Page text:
Coyote hunting: A blast that saves fawns, makes $$

By Tom Claycomb February 07, 2014 08:40 am

Varmints are a blast to hunt, plus this year their furs are worth a bit. If there are two shooters one of you ought to carry a shotgun loaded with HEVI-Shot Dead Coyote loads. (Tom Claycomb photo)
Varmints are a blast to hunt, plus this year their furs are worth a bit. If there are two shooters one of you ought to carry a shotgun loaded with HEVI-Shot Dead Coyote loads. (Tom Claycomb photo)

There is a whole subculture out there in the outdoor world: varmint hunters. There’s a reason: It’s a blast. 

They have at least two or three magazines that I can name right fast dedicated just to varmint hunting. If you’ve never tried to call in a predator you’re missing a thrill. Plus, coyotes are death on fawns so it is good to thin them out. 

One week I was coyote hunting in Kansas and the next in Texas. Today let’s talk about the Texas hunt. We started at daylight and set up along a fence line between two coastal Bermuda hay pastures. To the east was a thick post oak forest.

 We set our call and decoy out 30 to 40 yards in the pasture, sprayed some Tink’s Predator Mist on the grass around our decoy and on the brush by the fence row. We ducked back into the brush the best that we could, waited a few minutes and then turned on the howler. After less than a minute we switched to a wounded rabbit. My buddy had an AR .308 and I had a shotgun loaded up with HEVI-Shot Dead Coyote loads.

The call hadn’t been going five minutes and my compadre hit his squeaker. To my left a coyote came in hitting Mach I. He ran within 10 yards of the decoy, got nervous and ducked tail and zipped back the other way.

I’m always nervous to hog shots even though I had the shotgun. Buddy crawls over. “Why didn’t you shoot?” Me: “I didn’t want to hog the first shot.” Him: “That’s why you have the shotgun. He was going 20 mph.” Me: “No, actually he was going about 30-40 mph.” Him: “There’s another dog.”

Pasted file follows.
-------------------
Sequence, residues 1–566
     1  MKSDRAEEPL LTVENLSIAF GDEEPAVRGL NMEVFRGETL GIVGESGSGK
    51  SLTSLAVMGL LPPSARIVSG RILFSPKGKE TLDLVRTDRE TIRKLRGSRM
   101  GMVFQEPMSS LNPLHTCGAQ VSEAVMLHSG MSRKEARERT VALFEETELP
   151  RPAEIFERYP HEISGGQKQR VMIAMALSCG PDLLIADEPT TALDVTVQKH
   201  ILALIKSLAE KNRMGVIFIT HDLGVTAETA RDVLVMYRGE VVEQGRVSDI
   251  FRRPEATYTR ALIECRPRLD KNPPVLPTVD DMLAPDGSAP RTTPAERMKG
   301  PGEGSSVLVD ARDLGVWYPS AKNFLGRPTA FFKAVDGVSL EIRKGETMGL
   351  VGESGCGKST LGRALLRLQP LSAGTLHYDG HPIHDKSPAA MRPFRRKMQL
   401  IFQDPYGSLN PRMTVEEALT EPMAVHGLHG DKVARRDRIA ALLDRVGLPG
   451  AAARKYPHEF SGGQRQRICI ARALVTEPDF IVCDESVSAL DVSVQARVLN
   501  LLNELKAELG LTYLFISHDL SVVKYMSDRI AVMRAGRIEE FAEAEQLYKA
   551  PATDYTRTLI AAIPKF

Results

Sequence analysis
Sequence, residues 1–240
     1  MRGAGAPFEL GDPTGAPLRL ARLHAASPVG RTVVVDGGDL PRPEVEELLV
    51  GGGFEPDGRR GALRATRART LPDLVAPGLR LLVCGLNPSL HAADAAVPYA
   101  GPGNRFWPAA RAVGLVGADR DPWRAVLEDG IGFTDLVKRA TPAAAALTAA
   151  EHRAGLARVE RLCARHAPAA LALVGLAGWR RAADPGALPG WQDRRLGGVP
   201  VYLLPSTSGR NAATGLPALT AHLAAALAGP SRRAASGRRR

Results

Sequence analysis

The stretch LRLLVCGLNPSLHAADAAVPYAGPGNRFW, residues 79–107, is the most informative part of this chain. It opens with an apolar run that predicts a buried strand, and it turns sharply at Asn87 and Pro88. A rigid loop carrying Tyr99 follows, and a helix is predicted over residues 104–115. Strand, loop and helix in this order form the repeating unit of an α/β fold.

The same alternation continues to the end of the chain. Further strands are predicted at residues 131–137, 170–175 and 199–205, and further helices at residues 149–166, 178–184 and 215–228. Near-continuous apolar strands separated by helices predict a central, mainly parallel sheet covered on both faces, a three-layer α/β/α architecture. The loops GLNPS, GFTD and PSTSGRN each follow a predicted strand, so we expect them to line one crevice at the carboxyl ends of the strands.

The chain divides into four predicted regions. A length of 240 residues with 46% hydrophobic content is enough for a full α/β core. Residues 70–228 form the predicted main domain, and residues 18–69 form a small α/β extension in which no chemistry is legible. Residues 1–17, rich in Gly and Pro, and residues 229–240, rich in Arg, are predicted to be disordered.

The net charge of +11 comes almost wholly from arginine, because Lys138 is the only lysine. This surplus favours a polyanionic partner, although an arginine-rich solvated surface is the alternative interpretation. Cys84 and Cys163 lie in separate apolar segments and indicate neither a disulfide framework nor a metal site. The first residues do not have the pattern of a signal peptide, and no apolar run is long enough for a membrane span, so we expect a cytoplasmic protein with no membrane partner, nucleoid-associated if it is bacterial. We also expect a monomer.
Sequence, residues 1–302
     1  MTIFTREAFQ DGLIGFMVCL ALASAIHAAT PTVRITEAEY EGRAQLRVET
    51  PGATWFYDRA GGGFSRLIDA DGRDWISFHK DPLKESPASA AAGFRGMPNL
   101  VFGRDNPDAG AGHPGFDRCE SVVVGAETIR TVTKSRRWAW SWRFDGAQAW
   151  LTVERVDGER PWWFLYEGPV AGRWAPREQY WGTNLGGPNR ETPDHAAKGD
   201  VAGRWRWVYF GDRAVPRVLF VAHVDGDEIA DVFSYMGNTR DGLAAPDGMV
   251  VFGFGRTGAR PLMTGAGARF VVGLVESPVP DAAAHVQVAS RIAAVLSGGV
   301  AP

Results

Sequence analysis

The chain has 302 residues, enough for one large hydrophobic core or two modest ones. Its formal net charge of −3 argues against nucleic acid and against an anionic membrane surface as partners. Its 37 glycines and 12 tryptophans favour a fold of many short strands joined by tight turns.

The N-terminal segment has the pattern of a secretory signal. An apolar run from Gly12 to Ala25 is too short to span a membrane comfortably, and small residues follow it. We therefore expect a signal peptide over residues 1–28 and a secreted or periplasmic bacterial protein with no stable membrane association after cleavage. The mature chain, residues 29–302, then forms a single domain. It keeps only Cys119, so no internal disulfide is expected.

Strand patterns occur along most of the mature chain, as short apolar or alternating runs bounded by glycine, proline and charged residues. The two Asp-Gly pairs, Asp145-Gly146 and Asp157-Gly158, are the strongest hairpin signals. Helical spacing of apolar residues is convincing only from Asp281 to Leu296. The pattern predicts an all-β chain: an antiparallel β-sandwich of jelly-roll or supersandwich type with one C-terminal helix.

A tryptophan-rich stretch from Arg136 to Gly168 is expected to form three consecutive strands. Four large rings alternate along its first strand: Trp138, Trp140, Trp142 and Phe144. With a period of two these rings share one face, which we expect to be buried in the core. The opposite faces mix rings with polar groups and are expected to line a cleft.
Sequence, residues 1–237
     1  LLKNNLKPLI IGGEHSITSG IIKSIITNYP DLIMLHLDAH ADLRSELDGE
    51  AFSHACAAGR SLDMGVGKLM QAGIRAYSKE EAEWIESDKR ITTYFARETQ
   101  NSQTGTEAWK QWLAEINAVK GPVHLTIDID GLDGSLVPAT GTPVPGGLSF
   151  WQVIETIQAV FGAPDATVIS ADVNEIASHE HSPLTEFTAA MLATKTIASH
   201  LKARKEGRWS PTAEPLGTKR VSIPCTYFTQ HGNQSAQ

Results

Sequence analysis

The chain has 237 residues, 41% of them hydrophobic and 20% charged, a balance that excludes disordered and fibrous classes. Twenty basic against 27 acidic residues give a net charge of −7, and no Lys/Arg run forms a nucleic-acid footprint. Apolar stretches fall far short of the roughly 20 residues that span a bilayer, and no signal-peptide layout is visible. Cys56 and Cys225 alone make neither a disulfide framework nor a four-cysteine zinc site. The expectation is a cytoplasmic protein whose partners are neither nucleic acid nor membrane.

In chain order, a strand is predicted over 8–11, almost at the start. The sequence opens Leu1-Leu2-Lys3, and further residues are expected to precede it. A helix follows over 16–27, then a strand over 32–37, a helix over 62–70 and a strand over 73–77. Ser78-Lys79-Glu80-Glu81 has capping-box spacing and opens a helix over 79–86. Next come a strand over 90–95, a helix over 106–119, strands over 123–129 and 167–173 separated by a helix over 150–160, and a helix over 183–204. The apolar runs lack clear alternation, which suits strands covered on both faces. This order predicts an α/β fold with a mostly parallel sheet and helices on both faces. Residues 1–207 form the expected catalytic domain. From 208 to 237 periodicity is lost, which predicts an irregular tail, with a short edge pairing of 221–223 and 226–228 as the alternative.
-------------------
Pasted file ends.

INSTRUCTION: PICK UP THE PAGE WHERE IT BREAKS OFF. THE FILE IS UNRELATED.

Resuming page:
Another coyote ran out of the brush 50 yards from where the other one had entered. He ran out along the fence line, doubled back and then made a fatal mistake and stopped for a brief moment about 125 yards out.  

We went over and looked at him. Wow, what a big yote. I hesitate to throw out weights but he was big. We took pics and then moved back in the woods to an opening and set up again.

No coyotes came in so we then started up the call with a bunch of busy bird-calling trying to lure in a bobcat. Cats take at least 30 minutes to come in as the norm so you have to be patient and really watch the brush. No one came in. Time to jump. 

We then moved to another pasture. There was a fence line on the west side of the pasture that had a line of cedar trees in the fence line that we were going to hide behind. As we were setting up our decoys we looked up and a coyote was working the north fence line 

We slapped up the shooting sticks and I told him to hit the call right fast but before he could I spotted the coyote 50 yards farther down the fence line on our side of the fence. He skipped along for 50 feet and then stopped. 

After a 150-200-yard shot and we ran over to look at him. My gosh. The other coyote was as big as I’ve ever seen but this one was at least 8 pounds heavier. The cameraman had to snap a quick pic because I couldn’t hold him up for more than three seconds.   

We went back up to the truck to grab the camera and there was another coyote. He slipped away. Wow, this was rough hunting. First set-up, five minutes. Third one, 2-3 seconds. Doesn’t get much better than that.